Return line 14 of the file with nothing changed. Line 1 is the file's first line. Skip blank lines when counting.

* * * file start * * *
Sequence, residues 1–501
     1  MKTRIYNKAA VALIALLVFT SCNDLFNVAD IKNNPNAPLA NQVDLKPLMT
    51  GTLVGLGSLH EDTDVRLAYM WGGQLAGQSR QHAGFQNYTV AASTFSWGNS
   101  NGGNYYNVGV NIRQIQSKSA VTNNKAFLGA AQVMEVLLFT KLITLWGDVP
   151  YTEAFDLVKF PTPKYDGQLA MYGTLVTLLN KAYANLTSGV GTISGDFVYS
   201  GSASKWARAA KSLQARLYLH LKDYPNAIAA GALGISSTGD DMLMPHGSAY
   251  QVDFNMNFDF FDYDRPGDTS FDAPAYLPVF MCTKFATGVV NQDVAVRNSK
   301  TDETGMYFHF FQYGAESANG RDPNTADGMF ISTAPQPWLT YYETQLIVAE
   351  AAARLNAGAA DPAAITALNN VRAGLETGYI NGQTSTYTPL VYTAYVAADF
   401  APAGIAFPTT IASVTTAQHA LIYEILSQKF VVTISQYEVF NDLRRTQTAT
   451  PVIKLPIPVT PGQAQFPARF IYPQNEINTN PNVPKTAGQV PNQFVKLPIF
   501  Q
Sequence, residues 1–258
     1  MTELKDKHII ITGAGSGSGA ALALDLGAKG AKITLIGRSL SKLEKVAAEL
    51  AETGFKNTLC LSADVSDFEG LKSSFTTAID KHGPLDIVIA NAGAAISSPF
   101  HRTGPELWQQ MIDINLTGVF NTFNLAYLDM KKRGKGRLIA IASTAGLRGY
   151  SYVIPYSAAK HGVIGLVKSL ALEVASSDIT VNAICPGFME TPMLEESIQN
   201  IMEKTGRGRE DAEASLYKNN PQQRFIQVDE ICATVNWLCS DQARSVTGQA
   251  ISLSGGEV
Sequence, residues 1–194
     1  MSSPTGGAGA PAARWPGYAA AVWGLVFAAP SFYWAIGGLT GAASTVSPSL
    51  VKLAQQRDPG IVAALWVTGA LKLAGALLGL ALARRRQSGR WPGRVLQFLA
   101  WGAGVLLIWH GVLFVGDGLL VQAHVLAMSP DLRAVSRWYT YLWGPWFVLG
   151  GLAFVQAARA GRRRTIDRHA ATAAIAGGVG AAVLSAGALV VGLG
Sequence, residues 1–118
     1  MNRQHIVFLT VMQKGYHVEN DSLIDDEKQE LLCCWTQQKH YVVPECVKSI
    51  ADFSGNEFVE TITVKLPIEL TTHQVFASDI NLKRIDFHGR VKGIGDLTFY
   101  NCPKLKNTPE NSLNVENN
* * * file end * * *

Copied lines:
     1  MTELKDKHII ITGAGSGSGA ALALDLGAKG AKITLIGRSL SKLEKVAAEL